32524 What to do with him
"What shall I do then with Jesus which is called Christ?"--Matt. 27:22.
Nineteen hundred years ago a star poised above a lowly manger in Bethlehem and above the moonlit hills of Judaea the angels heralded the beginning of the life of Jesus Christ upon this earth--He who came to teach us the religion of human kindness, brotherly love and salvation through repentance and faith in His shed blood.
No matter what He said or did, the Jews refused to acknowledge His claims as the Messiah. Their enmity finally culminated in the greatest tragedy that the brutality of man ever committed, or the eye of God ever witnessed--the murder of Jesus Christ under false testimony. Jealous of His popularity and rejecting His divinity, they resolved at all hazards to kill Him.
Not having the power of life and of death in their own hands, or tribunals, they renounced Him before Pilate, the Roman governor. To stir up his enmity, they said that He was an impostor, that He had stirred up sedition and that He was an enemy of the government.
Pilate examined these charges made against Him but, being unable to prove Him guilty of any offense worthy of death, proposed that they release Him. But the rabble shrieked and screamed: "No! Away with Him! Give us Barabbas!"
Next to Jesus, Pilate is the scene, and from his lips fall the words I have taken for my text. When they cried, "Barabbas!" he turned to them and said: 'Well, then, what will I do with Jesus which is called the Christ? I got rid of Barabbas at your suggestion, but I still have Jesus on my hands.'
Pilate was very near the line. He tried to reason with them. Then he arose from the throne, took Jesus by the hand, led Him out in front of them and asked, "What shall I do then with Jesus which is called Christ?"
So I lead Him out before this audience tonight and ask you the same question Pilate asked the crowd that surged around the throne that day.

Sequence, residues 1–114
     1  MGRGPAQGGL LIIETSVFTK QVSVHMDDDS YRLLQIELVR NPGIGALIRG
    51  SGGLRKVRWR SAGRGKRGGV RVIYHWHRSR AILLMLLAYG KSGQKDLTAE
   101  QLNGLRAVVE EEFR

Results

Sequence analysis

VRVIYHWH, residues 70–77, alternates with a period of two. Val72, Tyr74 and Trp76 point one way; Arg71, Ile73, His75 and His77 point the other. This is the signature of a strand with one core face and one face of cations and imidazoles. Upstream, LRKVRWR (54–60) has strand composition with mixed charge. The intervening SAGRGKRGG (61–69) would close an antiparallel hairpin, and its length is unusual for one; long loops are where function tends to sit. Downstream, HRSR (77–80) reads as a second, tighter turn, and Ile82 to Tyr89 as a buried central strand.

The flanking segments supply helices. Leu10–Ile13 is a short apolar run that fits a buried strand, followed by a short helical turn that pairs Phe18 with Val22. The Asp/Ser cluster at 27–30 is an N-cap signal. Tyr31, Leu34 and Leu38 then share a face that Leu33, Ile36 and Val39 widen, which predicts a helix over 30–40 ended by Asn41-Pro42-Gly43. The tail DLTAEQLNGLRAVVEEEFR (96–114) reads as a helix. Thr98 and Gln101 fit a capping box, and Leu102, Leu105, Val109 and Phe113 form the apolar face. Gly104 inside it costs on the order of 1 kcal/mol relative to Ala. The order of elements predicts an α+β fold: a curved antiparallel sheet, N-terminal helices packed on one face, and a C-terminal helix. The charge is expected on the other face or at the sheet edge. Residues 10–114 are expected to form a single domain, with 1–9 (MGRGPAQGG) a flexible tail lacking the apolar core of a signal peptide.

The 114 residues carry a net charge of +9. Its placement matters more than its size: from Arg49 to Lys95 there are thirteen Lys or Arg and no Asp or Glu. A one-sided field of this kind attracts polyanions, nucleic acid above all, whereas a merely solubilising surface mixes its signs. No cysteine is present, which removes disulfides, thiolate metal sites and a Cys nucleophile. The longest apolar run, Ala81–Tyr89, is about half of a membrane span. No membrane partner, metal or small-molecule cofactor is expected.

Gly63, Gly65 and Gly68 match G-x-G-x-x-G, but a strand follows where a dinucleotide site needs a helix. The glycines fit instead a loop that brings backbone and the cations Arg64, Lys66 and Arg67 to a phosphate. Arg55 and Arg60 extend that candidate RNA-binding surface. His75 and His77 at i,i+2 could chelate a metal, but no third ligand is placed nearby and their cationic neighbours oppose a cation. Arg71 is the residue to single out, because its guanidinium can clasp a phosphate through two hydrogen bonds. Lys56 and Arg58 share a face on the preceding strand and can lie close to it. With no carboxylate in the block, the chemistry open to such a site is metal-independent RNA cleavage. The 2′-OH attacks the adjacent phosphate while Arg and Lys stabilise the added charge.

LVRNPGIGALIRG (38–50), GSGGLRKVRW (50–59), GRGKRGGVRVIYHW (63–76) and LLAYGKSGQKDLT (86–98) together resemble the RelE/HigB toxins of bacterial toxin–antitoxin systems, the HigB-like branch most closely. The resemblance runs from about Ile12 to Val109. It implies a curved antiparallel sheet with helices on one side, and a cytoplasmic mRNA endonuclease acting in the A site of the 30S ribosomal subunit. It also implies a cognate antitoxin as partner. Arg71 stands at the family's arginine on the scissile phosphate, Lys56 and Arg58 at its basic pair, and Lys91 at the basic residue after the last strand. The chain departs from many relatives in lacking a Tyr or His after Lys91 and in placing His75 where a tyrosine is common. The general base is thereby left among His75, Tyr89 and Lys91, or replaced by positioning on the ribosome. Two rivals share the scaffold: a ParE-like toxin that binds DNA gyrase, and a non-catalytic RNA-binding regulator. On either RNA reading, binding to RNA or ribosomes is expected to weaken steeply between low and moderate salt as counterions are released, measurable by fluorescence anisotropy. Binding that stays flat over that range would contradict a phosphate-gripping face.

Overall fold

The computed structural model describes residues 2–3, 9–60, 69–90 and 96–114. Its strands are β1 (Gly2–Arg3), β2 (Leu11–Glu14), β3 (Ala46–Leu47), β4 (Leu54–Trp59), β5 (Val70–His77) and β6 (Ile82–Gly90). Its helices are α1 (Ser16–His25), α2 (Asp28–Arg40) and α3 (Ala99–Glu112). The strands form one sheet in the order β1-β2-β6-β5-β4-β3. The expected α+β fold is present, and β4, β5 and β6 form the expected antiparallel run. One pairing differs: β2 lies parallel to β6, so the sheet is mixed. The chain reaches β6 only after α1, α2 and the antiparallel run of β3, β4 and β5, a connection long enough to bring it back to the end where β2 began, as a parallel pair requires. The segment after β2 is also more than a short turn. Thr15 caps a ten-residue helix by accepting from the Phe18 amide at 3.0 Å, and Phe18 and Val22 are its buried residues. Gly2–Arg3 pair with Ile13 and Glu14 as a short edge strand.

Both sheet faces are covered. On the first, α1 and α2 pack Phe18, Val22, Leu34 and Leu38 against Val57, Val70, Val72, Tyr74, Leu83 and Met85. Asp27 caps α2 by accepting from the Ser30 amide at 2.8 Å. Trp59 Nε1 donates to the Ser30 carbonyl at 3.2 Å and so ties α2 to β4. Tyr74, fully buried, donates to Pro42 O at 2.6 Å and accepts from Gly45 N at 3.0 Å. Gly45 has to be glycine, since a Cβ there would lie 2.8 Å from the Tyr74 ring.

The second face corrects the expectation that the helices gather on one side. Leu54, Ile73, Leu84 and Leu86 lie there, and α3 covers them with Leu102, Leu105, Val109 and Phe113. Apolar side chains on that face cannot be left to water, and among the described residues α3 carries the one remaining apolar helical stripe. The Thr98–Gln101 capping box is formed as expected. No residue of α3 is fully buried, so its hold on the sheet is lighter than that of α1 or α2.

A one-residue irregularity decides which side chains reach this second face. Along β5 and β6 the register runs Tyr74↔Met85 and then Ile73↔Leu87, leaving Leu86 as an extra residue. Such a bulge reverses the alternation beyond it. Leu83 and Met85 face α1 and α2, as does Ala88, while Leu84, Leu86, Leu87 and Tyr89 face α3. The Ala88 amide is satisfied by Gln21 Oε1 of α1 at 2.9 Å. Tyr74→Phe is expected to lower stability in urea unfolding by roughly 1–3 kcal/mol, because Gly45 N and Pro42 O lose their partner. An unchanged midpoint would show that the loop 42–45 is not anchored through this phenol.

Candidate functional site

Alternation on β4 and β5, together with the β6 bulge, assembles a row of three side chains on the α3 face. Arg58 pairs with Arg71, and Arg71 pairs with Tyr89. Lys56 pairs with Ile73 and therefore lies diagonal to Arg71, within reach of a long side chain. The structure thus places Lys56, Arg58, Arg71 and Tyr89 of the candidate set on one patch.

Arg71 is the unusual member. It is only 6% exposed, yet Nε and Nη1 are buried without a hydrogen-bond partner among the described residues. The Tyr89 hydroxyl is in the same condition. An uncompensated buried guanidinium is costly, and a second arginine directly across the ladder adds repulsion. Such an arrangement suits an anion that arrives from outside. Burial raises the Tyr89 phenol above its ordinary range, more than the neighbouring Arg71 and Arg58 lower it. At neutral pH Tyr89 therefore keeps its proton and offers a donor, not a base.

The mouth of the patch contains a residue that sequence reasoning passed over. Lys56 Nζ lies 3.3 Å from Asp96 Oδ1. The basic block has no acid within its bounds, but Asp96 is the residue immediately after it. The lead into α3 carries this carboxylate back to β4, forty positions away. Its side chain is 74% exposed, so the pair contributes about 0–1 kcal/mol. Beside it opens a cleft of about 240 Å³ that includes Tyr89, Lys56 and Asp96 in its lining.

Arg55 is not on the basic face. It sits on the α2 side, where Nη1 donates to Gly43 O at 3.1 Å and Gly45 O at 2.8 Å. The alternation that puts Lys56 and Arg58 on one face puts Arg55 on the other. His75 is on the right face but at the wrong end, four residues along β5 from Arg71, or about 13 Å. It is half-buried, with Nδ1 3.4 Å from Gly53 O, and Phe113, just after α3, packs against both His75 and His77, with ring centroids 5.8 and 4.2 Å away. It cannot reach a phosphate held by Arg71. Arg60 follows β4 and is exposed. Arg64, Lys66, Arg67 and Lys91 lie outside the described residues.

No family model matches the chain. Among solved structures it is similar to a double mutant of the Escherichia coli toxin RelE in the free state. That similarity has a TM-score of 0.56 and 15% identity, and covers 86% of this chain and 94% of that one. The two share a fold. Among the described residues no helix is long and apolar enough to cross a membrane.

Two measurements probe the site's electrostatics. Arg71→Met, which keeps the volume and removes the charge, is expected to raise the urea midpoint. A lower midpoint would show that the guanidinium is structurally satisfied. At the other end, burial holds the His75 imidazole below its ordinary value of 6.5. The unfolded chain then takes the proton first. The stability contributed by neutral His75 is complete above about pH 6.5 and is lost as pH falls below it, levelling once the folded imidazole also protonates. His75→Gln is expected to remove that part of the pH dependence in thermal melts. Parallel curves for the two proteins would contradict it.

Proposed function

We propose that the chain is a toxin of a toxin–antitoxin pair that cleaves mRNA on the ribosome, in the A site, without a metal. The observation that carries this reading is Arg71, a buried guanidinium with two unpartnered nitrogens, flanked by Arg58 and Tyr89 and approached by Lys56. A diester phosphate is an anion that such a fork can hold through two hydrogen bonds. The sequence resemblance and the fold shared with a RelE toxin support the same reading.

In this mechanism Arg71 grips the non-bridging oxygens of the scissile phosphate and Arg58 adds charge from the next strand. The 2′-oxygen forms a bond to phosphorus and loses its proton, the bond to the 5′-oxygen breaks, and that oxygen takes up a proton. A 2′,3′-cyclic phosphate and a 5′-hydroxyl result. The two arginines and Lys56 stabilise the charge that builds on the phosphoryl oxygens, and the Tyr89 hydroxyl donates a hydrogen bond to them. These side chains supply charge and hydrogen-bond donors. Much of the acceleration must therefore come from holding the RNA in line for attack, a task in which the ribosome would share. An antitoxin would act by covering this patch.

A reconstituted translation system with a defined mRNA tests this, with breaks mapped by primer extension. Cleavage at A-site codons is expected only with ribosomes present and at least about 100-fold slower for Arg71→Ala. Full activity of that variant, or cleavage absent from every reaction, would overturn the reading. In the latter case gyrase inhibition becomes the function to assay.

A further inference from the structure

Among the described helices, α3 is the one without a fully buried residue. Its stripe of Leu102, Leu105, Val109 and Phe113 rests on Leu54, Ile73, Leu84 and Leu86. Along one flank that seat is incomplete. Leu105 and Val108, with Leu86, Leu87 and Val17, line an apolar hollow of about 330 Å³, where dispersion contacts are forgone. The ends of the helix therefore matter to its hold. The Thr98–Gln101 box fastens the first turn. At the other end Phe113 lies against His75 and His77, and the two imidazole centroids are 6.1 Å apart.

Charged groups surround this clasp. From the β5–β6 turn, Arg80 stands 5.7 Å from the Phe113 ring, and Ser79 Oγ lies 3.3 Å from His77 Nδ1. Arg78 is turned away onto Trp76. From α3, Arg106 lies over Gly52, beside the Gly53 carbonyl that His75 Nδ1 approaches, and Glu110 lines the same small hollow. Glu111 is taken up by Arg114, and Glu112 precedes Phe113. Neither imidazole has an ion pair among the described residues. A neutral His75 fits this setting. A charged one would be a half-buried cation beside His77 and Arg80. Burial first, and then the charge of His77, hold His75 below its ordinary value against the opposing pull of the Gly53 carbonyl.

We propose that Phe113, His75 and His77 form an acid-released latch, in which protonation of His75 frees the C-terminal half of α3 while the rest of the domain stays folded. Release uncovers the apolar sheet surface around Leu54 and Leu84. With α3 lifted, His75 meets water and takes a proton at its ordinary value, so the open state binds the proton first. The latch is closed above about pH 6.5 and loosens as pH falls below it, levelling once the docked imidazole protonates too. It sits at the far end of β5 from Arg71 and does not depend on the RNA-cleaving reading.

Pilate was confronted, my friends, with difficulties. He had many things to encourage him. He had his wife's dream. The story of Mrs. Pilate is very briefly told in the Bible, in one verse of Scripture. It is no evidence of her worth and character as a woman that God condescended to reveal Himself in a dream to her. He revealed Himself in a dream to Pharaoh, to Nebuchadnezzar. Yet for all we know, Mrs. Pilate might have been a very reverent, devout woman, constantly on the alert to save her husband from the difficulties into which she knew his miserable, pliable temper would lead him. Somehow, while she slept, God worried her by a dream. What He revealed, I do not know. Presumably it was about Jesus and the part her husband was to play in this tragedy. (They couldn't put Him on the cross without the consent of Pilate.)
She sent a messenger to Pilate with the plea: 'Have thou nothing to do with this just man: for I have suffered many things this day in a dream because of him. Have nothing to do with him.'
So we have the personality of Jesus. Never had such a personality appeared before Pilate for sentence. There He stood in His calmness, in His purity, in His power--more beautiful than a dream of Pericles.
I am frank to tell you that if I were on a jury, the personality of the man would have a big drag with me--almost as much as what the man on the witness stand would say. If I were called upon to try a man like Bryan, or Roosevelt, I am frank to tell you that his personality would have a tremendous drag with your Uncle Fuller.
Pilate had the personality of Jesus. He had the miracles of Jesus. I do not know that Pilate had ever witnessed Christ's performing a miracle. I do not know that Pilate had ever seen a man or woman who had been a recipient of the power of Jesus. Positive am I that he knew about the miracles, for they were current conversation. There was no section of the country where he could not find somebody whom Jesus Christ had benefited, either by opening their eyes or curing their lameness.